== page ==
War is Health
While we accept that the new healthcare law is an improvement over what preceded it, we’ve never been fans of the “individual mandate”. We understand the actuarial realities underpinning it, and we’re happy that those less fortunate than us will qualify for higher subsidies than we’re looking at.
But like we’ve said: Please don’t compare it to car insurance.
To which we now add: And please don’t compare it to militias.
We’re looking at you, ThinkProgress:
The truth… is that the Second Militia Act of 1792 required a significant percentage of the U.S. civilian population to purchase a long list of military equipment.
The argument is that no less a socialist than George Washington drove a tyrannical government to force its citizens to buy “a good musket or firelock, a sufficient bayonet and belt, two spare flints, and a knapsack, a pouch, with a box therein, to contain not less than twenty four cartridges.”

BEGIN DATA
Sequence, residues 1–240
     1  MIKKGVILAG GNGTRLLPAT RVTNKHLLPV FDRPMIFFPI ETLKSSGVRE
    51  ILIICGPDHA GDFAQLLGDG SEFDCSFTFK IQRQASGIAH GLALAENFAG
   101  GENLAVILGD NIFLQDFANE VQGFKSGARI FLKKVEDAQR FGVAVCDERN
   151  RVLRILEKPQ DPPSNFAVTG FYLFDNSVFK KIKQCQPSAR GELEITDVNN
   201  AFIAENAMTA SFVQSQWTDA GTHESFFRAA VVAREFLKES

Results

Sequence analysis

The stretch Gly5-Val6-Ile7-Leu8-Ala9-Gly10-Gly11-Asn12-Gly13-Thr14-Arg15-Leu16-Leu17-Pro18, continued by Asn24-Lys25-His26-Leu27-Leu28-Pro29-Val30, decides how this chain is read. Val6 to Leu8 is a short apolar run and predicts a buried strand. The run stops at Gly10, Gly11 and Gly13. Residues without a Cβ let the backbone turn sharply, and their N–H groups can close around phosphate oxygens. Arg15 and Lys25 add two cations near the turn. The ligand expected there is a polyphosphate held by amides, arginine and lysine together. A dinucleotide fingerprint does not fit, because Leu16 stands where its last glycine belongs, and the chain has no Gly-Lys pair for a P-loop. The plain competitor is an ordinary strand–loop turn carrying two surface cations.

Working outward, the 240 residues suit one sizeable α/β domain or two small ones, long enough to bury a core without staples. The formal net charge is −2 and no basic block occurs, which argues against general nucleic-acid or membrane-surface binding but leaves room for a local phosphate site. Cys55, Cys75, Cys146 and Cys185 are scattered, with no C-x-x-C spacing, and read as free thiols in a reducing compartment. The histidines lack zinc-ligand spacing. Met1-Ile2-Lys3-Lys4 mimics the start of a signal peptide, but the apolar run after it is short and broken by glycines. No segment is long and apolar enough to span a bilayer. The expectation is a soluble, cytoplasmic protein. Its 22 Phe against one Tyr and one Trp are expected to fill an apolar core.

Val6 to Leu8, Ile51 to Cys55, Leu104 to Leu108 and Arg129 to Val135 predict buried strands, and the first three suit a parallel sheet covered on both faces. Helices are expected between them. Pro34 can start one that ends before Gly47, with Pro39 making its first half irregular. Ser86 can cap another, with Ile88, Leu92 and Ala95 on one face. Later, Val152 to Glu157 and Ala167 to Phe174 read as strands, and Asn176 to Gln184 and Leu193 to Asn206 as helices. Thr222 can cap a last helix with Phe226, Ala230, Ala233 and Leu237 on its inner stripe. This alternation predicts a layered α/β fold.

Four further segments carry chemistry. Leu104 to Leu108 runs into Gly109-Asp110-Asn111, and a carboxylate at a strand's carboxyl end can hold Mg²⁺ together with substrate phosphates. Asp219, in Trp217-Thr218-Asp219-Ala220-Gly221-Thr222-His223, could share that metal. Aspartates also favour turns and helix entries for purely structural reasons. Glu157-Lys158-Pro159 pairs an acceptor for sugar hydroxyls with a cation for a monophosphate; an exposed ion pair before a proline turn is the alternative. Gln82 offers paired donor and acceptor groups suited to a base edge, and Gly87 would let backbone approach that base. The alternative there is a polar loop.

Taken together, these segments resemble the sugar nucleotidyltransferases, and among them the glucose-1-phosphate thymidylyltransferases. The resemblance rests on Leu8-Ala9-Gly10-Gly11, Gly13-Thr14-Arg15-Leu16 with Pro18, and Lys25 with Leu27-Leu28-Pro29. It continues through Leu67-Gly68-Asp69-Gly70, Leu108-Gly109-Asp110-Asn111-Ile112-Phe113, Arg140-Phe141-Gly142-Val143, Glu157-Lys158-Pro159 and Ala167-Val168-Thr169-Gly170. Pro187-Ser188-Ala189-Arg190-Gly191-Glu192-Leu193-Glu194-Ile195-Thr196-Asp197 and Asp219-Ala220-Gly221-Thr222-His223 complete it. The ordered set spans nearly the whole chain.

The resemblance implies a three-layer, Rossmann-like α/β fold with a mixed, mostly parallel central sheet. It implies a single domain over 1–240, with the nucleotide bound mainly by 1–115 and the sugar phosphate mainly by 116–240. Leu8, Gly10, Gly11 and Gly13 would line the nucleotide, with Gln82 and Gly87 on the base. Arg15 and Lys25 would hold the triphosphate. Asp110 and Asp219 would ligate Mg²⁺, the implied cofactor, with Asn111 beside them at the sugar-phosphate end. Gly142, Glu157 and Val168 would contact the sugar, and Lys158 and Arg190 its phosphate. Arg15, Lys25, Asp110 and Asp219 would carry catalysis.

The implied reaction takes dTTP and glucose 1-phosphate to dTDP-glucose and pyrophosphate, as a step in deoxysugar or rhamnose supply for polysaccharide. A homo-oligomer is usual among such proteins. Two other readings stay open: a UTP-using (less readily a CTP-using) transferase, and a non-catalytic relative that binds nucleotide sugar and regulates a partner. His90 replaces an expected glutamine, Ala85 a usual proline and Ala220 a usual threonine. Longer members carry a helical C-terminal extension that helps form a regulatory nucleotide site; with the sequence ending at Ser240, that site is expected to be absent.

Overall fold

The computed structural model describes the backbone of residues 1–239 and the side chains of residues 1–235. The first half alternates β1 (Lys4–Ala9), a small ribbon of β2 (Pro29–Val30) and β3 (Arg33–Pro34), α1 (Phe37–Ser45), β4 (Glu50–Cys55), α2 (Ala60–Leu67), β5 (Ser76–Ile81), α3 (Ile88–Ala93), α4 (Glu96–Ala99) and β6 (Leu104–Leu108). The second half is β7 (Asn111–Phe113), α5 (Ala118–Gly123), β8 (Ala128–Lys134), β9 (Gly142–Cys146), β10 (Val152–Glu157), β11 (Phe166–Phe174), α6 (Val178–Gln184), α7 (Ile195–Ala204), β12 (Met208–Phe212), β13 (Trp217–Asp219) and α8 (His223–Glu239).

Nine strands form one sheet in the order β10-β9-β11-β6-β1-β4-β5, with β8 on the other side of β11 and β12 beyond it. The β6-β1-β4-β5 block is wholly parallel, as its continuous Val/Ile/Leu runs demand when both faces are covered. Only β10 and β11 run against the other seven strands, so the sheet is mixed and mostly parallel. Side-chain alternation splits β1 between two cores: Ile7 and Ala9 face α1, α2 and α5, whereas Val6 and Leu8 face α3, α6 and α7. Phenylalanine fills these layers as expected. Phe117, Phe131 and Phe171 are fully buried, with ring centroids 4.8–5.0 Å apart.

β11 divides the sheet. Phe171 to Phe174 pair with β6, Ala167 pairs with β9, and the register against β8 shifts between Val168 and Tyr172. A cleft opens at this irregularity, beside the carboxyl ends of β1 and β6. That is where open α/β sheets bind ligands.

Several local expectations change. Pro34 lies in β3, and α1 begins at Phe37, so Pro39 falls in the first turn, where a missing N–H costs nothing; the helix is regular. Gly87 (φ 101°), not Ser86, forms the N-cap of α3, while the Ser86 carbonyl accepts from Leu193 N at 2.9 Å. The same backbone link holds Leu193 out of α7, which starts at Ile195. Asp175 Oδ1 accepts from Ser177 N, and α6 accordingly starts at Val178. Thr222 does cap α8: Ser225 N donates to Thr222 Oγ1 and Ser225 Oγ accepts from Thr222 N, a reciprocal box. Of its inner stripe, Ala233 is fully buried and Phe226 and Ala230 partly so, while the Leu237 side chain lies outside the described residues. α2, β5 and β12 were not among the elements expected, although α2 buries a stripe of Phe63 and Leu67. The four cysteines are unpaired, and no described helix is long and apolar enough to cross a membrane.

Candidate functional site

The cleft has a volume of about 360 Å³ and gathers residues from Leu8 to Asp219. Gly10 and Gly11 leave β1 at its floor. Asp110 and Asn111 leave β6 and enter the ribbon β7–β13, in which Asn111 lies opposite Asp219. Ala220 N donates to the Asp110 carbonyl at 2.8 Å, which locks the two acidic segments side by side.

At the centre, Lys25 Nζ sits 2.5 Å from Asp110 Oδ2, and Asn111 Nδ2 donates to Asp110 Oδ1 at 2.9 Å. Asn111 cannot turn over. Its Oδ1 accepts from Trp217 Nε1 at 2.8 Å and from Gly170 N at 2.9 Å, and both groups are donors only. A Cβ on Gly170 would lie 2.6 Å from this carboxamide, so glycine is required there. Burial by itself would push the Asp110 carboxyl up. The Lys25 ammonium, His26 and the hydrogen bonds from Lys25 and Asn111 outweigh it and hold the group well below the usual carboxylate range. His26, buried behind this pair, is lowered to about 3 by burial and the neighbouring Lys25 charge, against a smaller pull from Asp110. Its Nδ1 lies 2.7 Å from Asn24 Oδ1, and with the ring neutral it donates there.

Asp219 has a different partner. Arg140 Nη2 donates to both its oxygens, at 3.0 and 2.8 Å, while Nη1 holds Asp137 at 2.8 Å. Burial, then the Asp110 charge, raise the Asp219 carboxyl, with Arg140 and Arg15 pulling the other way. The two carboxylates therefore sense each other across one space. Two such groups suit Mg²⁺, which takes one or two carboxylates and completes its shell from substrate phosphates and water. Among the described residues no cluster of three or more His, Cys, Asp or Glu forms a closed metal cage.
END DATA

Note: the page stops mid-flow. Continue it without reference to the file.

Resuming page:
Knapsack optional on training days, of course.
That’s a cute talking point, guys, but even a cursory look at the Militia Act makes us squeamish. And not because of the thematic dissonance, but because it effectively involved conscription — or, as it’s known in our time, The Draft.
Not exactly the precedent you want to wave at Progressives.
Surely there’s some dusty law that required everyone to buy horses? Because we’d feel just a little better if we were compelled to pay a Pony Tax.